Prohibited investments in an IRA or 401 (k), works of art, rugs or antiques, metals or precious stones, stamps or coins, alcoholic beverages, any other tangible personal property specified by the Secretary of the Treasury. Many people confuse prohibited investments with prohibited transactions. The two are pretty different though. Prohibited investments are assets that you can’t invest with IRA funds.
Prohibited transactions are actions you can’t take with your IRA or its assets. If my IRA wants to buy a property and use the IRA as a down payment and take out a loan, that loan must be a non-recourse loan. The list of investment instruments that cannot be placed in an IRA or a qualified plan should not be confused with the list of prohibited transactions that cannot be made with these accounts, such as when you borrow money from an IRA. If an IRA owner or their beneficiaries make a prohibited transaction involving an IRA account at any point in the year, the account is generally no longer an IRA from the first day of the year.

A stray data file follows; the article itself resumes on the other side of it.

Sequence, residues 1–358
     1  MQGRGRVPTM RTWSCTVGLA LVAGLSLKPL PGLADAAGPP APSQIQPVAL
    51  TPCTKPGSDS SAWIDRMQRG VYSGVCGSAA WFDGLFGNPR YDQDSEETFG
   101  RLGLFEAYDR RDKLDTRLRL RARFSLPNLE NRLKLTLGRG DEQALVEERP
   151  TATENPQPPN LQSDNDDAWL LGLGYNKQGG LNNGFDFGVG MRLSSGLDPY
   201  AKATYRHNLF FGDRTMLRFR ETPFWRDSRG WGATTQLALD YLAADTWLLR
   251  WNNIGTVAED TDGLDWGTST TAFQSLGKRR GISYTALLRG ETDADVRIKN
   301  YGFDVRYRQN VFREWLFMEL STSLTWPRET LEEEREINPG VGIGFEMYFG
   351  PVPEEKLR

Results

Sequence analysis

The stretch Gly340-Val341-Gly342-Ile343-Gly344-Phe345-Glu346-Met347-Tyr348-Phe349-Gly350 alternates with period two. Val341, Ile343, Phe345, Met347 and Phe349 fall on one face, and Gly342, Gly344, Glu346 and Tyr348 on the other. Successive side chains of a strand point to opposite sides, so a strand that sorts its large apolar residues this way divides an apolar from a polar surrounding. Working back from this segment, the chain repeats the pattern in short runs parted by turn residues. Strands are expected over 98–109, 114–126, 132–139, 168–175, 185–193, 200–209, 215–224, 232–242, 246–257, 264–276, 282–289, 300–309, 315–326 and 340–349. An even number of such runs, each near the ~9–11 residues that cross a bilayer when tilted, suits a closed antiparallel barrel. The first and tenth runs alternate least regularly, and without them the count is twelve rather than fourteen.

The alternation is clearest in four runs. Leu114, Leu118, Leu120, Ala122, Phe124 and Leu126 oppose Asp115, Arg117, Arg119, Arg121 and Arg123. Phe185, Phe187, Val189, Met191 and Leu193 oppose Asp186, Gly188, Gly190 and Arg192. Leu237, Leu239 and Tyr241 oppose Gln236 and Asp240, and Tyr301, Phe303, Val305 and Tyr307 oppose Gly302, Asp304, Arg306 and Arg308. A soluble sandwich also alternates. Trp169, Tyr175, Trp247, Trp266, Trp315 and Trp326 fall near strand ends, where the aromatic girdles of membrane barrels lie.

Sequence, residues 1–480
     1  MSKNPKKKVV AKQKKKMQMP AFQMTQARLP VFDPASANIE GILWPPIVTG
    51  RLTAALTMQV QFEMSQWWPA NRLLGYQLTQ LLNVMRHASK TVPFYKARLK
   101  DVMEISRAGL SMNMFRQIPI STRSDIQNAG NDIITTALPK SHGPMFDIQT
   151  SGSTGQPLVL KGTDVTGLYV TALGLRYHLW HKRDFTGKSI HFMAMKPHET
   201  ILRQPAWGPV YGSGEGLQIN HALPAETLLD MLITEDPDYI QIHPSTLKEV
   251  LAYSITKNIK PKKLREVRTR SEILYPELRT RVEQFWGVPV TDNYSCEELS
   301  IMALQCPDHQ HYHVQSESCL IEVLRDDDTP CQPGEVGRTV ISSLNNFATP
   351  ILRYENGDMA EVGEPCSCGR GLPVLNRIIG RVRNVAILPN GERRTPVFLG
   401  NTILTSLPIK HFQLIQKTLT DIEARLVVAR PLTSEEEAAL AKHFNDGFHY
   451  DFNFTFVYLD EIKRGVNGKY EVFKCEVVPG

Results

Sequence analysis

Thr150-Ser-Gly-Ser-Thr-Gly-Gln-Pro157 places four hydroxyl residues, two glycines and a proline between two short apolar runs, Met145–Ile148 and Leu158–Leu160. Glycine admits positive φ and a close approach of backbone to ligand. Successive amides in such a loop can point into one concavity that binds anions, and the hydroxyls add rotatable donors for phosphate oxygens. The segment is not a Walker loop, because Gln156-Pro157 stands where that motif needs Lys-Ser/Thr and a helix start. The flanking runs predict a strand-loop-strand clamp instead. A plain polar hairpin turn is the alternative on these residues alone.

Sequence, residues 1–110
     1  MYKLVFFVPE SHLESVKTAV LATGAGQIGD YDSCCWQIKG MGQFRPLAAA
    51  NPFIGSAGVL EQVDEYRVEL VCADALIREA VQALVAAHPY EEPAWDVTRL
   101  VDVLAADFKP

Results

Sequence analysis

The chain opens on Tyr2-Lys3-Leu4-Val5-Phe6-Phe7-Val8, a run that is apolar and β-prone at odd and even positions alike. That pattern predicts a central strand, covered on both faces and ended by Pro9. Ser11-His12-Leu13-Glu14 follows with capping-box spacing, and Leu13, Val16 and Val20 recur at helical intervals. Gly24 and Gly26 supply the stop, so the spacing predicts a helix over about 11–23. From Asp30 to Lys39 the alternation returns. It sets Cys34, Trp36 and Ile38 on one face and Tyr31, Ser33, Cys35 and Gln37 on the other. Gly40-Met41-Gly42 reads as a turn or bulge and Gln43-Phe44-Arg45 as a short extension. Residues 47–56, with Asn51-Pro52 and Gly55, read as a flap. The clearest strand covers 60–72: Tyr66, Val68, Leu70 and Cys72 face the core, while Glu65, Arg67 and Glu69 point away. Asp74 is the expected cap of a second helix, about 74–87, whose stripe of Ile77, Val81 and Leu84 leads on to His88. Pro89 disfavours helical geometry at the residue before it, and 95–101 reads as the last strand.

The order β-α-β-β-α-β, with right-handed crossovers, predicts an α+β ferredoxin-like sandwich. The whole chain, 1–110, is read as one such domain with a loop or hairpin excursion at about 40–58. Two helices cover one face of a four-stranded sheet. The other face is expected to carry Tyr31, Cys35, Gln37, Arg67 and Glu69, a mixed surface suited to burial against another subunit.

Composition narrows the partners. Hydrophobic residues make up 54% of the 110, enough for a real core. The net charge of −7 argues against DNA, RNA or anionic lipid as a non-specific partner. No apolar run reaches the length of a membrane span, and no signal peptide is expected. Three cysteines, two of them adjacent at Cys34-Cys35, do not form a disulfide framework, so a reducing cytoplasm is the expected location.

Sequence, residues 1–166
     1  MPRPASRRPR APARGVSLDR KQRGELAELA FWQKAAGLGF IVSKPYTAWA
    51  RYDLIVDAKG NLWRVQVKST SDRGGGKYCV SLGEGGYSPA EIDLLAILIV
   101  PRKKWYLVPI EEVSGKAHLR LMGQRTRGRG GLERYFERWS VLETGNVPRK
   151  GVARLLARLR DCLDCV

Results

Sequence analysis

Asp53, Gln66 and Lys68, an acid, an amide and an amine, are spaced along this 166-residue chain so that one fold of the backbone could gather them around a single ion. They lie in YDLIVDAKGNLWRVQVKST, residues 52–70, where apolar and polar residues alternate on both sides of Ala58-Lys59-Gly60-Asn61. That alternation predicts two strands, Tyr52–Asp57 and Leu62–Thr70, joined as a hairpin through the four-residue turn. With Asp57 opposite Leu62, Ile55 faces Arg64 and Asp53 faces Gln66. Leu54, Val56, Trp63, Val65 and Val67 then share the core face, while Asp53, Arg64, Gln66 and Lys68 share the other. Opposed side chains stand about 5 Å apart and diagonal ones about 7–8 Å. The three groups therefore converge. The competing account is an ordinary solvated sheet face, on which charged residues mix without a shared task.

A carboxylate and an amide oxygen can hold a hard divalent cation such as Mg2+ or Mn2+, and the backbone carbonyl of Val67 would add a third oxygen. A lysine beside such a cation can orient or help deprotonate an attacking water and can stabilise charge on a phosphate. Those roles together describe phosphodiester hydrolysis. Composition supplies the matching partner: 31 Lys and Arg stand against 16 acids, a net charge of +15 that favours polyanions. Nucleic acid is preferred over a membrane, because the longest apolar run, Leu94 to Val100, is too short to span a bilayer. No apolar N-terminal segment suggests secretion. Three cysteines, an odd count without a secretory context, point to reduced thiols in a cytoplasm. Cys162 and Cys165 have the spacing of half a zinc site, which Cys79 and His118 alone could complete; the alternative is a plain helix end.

According to IRS guidelines, if your IRA engages in a prohibited transaction, your IRA will cease to exist. In general, a prohibited transaction in an IRA is any improper use of an IRA account or an IRA pension by the IRA owner, their beneficiary, or a disqualified person. Although IRAs used to be limited to owning American Eagle gold and silver coins, IRAs can now invest in IRS-approved gold, silver, palladium, and platinum bars and coins. As with other types of collectibles, most coins, such as those made from gold or precious metals, are not allowed in an IRA plan.
A prohibited transaction is the improper use of IRA assets by the IRA owner, beneficiaries, or a disqualified person. An IRA owner who discovers a collectible or antique worth thousands of dollars at a flea market won’t be able to protect the tax on the profit from selling that asset under an IRA or other retirement plans.